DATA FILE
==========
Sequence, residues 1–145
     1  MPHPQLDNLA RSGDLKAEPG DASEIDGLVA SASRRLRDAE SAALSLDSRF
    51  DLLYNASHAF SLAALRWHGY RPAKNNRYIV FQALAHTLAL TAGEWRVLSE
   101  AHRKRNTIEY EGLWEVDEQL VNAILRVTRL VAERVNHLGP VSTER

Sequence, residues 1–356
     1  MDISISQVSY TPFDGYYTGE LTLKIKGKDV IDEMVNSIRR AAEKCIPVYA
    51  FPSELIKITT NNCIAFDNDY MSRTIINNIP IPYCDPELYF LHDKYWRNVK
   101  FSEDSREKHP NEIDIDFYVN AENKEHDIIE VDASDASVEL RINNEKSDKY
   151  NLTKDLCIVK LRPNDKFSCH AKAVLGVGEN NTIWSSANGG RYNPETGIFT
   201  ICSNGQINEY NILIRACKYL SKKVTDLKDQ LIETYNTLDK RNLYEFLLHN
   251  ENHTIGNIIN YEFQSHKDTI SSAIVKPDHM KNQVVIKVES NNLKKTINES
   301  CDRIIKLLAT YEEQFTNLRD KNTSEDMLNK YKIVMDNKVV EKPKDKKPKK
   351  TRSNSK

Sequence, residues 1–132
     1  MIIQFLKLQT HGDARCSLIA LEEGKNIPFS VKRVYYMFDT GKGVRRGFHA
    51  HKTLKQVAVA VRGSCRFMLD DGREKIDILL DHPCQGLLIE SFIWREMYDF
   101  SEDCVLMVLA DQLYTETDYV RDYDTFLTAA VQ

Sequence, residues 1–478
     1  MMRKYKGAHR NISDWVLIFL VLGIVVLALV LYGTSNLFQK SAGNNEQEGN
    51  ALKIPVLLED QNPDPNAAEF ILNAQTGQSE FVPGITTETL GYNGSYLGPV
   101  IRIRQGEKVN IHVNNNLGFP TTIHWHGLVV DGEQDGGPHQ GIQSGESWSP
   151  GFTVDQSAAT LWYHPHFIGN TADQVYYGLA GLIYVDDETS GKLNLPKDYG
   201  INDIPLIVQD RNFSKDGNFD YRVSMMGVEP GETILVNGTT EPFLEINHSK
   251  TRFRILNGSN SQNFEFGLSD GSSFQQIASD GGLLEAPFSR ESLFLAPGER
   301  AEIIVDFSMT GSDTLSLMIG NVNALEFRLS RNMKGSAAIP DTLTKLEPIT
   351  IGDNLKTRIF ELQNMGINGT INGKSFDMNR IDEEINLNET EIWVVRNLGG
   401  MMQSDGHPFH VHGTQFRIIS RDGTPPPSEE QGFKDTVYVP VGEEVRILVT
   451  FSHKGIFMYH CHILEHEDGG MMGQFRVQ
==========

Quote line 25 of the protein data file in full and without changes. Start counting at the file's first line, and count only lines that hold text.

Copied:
   301  AEIIVDFSMT GSDTLSLMIG NVNALEFRLS RNMKGSAAIP DTLTKLEPIT